[Wikimedia-l] [Wikimedia Announcements] IEG 2013 Round 2 Grantees Announced

Harold Hidalgo hahc21 at gmail.com
Tue Dec 17 06:07:52 UTC 2013

Today we’re announcing the second round of Individual Engagement Grantees.

These grants from the Wikimedia Foundation support individuals and small
teams of Wikimedians to experiment with new ideas aimed at having online
impact on Wikimedia projects. We’ve learned a lot from the first round of
IEG grantees over the past 6 months, and look forward to seeing what this
next group will accomplish.[2]

Seven projects have been recommended by the *Individual Engagement Grants
Committee*, a group of volunteers from across the Wikimedia movement who
reviewed a set of more than twenty proposals, and approved by the Wikimedia
Foundation for this round.[3][4] These selections represent a broad range
of projects focusing on activities from outreach to tool-building and are
all aimed at connecting and supporting our community.

Grantees are trying out new ways of engaging with women and young
Wikipedians, fostering participation in Africa, and supporting
cartographers, researchers and developers to better engage with projects
like Wikimedia Commons, Wikidata, and Wikipedia.

The seven selected projects are:

*Wikimaps Atlas*

Led by Arun Ganesh and Hugo Lopez, funded at $12,500.[5]  Hugo and Arun
will be building a system to automate the creation of maps in standardized
cartographic style using the latest open geographic data.  With new
workflows and scripts, they aim to make it easier for Wikimedia’s
cartographers to generate and update maps for use in Commons, Wikipedia,
and beyond.

*Mbazzi Village writes Wikipedia*

Led by Paul Kikuba with collaboration from Dan Frendin, funded at
$2880.[6] This project is a collaboration between Mbazzi villagers,
Sweden, and the Wikimedia Foundation to build a Wikipedia center in Uganda
where volunteers can to contribute to Luganda Wikipedia, particularly
focusing on articles related to sustainable development.

*What is about - C'est quoi. A series of communication tools about
Wikipedia in Cameroon*

Led by Marilyn Douala Bell and Iolanda Pensa with collaboration from Michael
Epacka, funded at €15,000.[7]  The team in Douala, Cameroon will engage
local artists to create comics, video, and other materials to raise
awareness about Wikipedia and free knowledge.

*Visual editor gadgets compatibility*

Led by Eran Roz and Ravid Ziv, funded at $4500.[8] The team aims to map,
organize, and surface lists of gadgets used in different language versions
of Wikipedia to improve sharing of gadgets across language communities.
They’ll also be piloting and documenting an approach for adapting the
most-used gadgets for Visual Editor compatibility.

*Wikidata Toolkit*

Led by Markus Krötzsch with collaboration from students and
researchers at Dresden
University of Technology, funded at $30,000.[9] Markus’ team will develop a
demonstrator toolkit for loading, querying, and analysing data from
Wikidata. The project experiments with ways to give developers,
researchers, and Wikimedians easier access to use Wikidata in applications,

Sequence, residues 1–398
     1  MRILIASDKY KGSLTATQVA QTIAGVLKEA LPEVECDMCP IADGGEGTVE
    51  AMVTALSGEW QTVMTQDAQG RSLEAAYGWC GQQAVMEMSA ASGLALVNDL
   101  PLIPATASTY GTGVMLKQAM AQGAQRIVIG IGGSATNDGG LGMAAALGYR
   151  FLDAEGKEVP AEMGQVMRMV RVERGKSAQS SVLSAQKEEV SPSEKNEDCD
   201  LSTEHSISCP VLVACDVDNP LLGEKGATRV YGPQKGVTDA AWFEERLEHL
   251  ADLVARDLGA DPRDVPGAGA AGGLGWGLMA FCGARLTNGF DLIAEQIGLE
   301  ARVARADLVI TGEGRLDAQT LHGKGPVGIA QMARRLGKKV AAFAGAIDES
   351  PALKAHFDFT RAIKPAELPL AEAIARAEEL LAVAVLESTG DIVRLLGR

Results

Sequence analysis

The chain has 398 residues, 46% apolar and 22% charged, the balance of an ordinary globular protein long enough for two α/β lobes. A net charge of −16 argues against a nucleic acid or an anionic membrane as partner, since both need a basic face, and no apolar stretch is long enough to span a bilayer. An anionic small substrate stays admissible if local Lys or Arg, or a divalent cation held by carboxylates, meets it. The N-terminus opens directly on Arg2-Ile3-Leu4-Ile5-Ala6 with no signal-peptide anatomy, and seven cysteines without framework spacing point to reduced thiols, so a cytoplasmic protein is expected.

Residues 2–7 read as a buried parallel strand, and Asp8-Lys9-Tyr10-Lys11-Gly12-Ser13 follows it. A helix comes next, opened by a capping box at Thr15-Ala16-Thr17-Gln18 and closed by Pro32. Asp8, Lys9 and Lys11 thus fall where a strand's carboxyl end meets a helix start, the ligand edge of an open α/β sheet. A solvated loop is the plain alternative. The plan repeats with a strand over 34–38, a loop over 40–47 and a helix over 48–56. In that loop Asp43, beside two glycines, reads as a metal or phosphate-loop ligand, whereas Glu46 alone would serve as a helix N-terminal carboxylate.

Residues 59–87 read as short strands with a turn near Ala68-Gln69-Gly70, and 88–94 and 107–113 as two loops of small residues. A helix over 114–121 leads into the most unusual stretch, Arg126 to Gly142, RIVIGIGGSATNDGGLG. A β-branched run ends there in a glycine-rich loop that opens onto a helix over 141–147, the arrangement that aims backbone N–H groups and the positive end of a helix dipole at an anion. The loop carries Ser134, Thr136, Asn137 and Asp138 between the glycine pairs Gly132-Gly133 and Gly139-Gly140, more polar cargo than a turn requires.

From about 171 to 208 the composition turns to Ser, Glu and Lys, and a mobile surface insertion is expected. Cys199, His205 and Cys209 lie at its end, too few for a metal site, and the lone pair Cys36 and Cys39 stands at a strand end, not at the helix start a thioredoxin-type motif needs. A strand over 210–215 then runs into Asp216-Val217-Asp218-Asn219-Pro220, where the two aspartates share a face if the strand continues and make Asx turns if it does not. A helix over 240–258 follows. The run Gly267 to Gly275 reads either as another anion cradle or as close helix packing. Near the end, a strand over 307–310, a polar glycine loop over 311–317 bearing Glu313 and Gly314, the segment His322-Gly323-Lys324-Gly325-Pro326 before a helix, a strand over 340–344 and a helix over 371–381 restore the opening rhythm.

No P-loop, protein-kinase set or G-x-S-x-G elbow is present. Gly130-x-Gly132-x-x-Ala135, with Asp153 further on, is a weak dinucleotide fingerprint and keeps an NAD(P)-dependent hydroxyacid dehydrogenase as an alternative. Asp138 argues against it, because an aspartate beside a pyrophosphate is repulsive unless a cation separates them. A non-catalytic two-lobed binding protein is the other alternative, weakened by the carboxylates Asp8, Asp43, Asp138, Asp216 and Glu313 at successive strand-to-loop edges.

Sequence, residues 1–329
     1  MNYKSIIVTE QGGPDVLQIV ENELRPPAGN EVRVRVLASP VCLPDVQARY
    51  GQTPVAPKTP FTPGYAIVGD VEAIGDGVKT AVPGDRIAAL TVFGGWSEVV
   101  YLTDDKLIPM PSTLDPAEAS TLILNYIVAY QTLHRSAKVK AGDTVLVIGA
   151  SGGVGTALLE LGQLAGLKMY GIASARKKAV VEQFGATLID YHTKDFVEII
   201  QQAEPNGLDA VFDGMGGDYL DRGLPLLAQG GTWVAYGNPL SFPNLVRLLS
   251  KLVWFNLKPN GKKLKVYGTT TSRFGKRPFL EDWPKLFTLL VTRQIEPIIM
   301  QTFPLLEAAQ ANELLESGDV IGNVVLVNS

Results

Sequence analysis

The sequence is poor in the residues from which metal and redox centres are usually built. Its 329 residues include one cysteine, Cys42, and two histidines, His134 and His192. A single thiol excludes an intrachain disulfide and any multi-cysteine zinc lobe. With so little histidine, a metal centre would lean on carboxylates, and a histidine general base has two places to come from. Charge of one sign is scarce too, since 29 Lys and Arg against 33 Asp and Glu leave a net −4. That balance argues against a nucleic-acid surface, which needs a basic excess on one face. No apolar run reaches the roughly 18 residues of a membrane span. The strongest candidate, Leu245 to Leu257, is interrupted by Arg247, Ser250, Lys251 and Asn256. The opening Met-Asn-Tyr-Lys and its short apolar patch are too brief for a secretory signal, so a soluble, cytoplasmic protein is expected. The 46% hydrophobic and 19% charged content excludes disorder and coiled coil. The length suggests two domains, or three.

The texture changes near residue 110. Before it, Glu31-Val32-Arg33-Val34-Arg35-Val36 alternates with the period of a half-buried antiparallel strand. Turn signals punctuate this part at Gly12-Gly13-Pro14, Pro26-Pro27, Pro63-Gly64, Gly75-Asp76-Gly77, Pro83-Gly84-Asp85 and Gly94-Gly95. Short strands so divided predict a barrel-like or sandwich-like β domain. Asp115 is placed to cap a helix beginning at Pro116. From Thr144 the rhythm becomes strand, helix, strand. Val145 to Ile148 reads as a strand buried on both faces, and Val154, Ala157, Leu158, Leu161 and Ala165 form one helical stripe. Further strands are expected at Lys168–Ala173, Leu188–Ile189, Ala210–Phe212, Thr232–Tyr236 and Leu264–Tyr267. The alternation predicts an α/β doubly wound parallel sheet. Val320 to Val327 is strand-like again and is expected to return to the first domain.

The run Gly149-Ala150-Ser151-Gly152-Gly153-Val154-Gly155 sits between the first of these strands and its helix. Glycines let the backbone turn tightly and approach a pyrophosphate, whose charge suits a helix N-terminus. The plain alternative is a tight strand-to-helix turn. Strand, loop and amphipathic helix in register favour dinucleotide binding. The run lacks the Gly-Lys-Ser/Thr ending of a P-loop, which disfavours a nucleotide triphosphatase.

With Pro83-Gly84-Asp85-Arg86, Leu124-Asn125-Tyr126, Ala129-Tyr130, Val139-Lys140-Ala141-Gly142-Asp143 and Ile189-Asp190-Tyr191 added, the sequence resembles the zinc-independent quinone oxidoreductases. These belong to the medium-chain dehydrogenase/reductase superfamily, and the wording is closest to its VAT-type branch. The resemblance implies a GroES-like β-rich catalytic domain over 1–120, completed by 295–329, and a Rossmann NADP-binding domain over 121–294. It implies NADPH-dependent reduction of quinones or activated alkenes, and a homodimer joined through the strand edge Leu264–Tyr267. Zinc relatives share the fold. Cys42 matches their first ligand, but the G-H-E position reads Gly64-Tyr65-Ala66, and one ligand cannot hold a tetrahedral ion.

research, and other projects.

*Women Scientists Workshop Development*

Led by Emily Temple-Wood, funded at $9480.[10] Emily is piloting a model of
regular, incentivized editing workshops aimed at college-aged women to
encourage them to become regular contributors to Wikimedia projects and
combat systemic bias with quality content. If the approach is successful,
she’ll use lessons learned in order to develop a scalable kit for other
groups to use.

Finally, we’ve provisionally approved a seventh project:

 *Generation Wikipedia*

Led by Emily Temple-Wood and Jake Orlowitz, funded at $20,000 - provided
that legal dependencies can be satisfied.[11] This project would pilot a
week-long summer conference for young Wikipedians and Wikimedians from
around the globe to connect, share skills and build leadership and
community capacity among our newest generation of editors.

The ten grantees from Cameroon, Uganda, India, Israel, France, Italy,
Germany and the United States will begin their projects in the new year;
most will run from January through June 2014.  They’ll be regularly sharing
their progress, experience and lessons learned from their experiments
throughout this period, so please feel free to visit their respective pages
on Meta for project information and updates in the coming months.[4]

Thanks to everyone who boldly created a project idea or shared feedback and
suggestions in this round!  The next round of IEG proposals opens on 1
March 2014. We look forward to seeing more of your ideas and engagement in


Harold A. Hidalgo

On behalf of the *Individual Engagement Grants Committee*.


1. https://meta.wikimedia.org/wiki/Grants:IEG

2. http://blog.wikimedia.org/2013/08/01/ieg-learnings-call-new-proposals/

3. https://meta.wikimedia.org/wiki/Grants:IEG/Committee

4. https://meta.wikimedia.org/wiki/Grants:IEG#ieg-engaging

5. https://meta.wikimedia.org/wiki/Grants:IEG/Wikimaps_Atlas




9. https://meta.wikimedia.org/wiki/Grants:IEG/Wikidata_Toolkit


11. https://meta.wikimedia.org/wiki/Grants:IEG/Generation_Wikipedia

12. https://meta.wikimedia.org/wiki/Grants:IEG#ieg-applying

13. https://meta.wikimedia.org/wiki/Grants:IdeaLab/Ideas
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